MY STORY | How I turned my disability into my strength

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Noluthando Makalima, who was born with cerebral palsy, started surfing in 2014 and is gearing up to participate in the 
World Parasurfing Championships in California for the second time this year. (PHOTO: Supplied)
Noluthando Makalima, who was born with cerebral palsy, started surfing in 2014 and is gearing up to participate in the World Parasurfing Championships in California for the second time this year. (PHOTO: Supplied)

She was born with cerebral palsy which limited her participation in almost every sport. Never in her wildest dreams did she think she would end up on a surfboard catching waves and winning competitions. But that’s exactly what’s happened to 32-year-old Noluthando Makalima from Cape Town. Noluthando, who also received the Minister’s Recognition of Excellence Award last year, says at first she feared the water but that’s a thing of the past. 

She shares her story of how conquering her fears has given her the confidence to reach her goals and win competitions one wave at a time. 

“As a single mother dependent on a social grant, things can get tough. To top it off, my mother, who was my biggest support system, passed away in 2012 and I knew I needed to do something that would help me cope with everything. 

That’s when one of my friends introduced me to the Siyaphakama Development for the Disabled Association, which is a support group for people with disabilities. It really was a source of strength and a place where I could just relax and have fun, especially because there were people who also have disabilities like me.  

In 2014, two years after joining the Siyaphakama group, we were taken to Blouberg Beach where the organisers said they wanted to teach us how to surf. Not only did I have a fear of water, but I couldn’t swim and I didn’t understand how I would do it because of my condition.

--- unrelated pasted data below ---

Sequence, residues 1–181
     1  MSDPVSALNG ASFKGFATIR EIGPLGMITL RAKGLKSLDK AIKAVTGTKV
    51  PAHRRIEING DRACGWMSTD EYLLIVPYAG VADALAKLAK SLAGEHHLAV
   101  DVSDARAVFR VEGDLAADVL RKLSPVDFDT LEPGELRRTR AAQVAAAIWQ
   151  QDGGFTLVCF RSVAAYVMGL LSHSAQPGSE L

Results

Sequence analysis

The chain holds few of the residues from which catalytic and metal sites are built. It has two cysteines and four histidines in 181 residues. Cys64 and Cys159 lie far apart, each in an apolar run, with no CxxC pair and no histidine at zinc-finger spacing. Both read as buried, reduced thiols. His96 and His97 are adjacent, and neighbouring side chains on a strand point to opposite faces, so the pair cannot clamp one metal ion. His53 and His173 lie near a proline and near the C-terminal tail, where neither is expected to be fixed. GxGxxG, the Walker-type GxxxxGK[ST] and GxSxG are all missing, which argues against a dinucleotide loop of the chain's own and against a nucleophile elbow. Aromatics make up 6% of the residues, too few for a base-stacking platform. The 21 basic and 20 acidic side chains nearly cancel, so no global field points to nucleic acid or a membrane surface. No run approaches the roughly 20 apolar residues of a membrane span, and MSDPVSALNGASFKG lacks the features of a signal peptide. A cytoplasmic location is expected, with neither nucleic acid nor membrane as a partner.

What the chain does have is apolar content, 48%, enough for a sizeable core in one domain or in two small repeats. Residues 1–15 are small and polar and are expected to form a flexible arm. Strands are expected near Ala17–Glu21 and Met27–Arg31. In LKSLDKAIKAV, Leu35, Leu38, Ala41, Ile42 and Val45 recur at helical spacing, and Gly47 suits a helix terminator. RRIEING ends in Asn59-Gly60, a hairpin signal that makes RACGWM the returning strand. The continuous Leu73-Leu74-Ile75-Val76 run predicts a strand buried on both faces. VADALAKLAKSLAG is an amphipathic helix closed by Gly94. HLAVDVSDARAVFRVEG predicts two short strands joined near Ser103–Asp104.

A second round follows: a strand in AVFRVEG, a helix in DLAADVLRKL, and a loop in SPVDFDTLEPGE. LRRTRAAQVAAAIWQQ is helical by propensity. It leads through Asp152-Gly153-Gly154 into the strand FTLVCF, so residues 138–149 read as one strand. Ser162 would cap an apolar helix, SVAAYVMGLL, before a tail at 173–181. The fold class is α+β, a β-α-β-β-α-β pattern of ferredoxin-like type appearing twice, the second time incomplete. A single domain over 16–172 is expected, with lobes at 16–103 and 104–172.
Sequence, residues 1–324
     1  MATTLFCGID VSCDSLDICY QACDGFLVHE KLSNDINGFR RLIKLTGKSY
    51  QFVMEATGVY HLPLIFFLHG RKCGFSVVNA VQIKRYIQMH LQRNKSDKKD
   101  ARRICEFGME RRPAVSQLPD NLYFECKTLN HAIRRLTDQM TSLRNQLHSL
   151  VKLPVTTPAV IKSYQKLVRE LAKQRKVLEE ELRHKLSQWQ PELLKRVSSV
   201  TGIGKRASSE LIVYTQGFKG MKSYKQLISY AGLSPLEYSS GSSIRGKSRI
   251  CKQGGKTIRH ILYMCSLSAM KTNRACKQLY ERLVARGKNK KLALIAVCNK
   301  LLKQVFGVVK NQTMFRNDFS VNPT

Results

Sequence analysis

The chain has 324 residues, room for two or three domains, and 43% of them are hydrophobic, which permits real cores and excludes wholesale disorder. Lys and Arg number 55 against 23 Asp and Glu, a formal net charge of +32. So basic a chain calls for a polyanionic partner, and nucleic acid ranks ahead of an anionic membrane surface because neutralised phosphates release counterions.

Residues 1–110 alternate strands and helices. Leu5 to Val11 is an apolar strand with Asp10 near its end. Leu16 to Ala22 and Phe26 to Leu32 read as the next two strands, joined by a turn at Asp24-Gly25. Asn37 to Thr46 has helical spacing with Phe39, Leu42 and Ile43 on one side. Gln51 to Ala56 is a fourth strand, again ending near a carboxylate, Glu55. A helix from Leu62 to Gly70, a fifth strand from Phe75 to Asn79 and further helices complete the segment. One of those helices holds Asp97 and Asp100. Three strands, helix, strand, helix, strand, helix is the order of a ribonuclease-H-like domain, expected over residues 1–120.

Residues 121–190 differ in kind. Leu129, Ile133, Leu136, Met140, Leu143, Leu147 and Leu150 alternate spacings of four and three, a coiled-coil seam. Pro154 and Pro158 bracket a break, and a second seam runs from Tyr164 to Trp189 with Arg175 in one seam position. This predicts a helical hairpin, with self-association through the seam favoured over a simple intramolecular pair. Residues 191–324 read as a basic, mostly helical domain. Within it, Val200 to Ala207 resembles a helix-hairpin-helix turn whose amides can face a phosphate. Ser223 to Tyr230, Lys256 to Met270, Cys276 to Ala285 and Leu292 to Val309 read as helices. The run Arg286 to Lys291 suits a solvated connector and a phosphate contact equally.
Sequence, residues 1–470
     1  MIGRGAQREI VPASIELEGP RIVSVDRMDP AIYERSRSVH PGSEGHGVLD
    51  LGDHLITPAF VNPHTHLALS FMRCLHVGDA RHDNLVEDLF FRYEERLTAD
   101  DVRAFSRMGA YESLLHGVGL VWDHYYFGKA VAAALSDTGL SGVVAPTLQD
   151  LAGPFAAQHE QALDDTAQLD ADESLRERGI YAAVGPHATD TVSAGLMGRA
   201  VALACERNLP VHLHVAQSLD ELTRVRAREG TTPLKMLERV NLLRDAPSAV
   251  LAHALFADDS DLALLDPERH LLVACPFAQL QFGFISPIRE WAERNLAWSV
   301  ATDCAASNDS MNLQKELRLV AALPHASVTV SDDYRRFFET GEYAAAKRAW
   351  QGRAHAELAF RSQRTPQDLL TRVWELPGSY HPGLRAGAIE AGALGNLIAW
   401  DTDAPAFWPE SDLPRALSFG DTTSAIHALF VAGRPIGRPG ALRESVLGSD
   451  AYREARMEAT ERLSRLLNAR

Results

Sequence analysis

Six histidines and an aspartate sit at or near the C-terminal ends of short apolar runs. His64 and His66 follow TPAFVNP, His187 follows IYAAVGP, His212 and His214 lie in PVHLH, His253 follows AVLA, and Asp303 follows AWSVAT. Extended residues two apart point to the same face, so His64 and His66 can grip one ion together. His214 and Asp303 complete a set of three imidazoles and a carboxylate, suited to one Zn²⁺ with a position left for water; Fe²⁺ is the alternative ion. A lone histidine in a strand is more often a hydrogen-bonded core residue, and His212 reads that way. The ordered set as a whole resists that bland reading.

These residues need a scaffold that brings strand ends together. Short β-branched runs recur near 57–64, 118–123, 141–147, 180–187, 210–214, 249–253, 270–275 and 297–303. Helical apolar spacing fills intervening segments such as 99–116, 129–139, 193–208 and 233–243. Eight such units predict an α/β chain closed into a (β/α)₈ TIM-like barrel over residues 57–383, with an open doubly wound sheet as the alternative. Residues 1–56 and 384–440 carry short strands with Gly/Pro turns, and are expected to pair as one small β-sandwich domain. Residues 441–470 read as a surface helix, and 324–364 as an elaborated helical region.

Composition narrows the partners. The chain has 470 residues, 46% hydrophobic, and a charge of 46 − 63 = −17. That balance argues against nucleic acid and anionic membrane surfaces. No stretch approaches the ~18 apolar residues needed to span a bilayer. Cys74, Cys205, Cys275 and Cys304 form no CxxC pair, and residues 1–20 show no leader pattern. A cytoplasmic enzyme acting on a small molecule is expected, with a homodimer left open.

I was very scared during my first lesson. But I trusted the process and with the help of the assistants, my coach and mentor I started to believe I could do it. And I haven’t regretted it for a second.  

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Five years later, in 2019, I started competing in adaptive surfing competitions through the organisation and to my surprise I won the first competition I participated in. Naturally I gained more and more confidence and slowly overcame my fear of water. 

But last year came the biggest surprise when I was selected to compete in my first international parasurfing competition and won the silver medal at the International Surfing Association World Paralympic Championship in California.  It was not only my first time competing on an international stage, but also my first time overseas. Winning that medal was such an amazing feeling and really made me realise how far I have come. 

Noluthando says surfing has given her the confiden
Noluthando says surfing has given her the confidence to go after her dreams. (PHOTO: Supplied)

Looking at my journey I realise that my six-year-old daughter, Iminathi, is the main person to have given me the strength to persevere and who inspires me to face my fears. 

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I was selected to participate in the World Parasurfing Championships again this year and even though I don’t have the funds yet I am hoping [with the aid of crowdfunding] that I will be able to go come December, bring back the gold and make my daughter proud. 

That is my dream: to build a better future for my daughter through surfing. Because surfing has taught me that it is possible for me to get what I want in life. 

With her six-year-old daughter Iminathi who she sa
With her six-year-old daughter, Iminathi, who she says is her source of inspiration. (PHOTO: Supplied)

More than that I want to show my daughter that a disability is not a limitation to achieve something in life. What is important is that you take your disability and turn it into your strength. 

I know now that this is my purpose because it is what I love doing. When I am in the water I get so much confidence, forget about everything and just enjoy the moment.

At first water was my fear, but now it is my therapy.” 

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